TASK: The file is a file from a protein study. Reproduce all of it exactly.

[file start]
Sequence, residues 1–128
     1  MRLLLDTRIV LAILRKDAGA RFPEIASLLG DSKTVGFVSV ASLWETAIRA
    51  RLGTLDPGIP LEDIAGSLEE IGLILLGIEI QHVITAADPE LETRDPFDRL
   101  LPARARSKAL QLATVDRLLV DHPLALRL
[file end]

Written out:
Sequence, residues 1–128
     1  MRLLLDTRIV LAILRKDAGA RFPEIASLLG DSKTVGFVSV ASLWETAIRA
    51  RLGTLDPGIP LEDIAGSLEE IGLILLGIEI QHVITAADPE LETRDPFDRL
   101  LPARARSKAL QLATVDRLLV DHPLALRL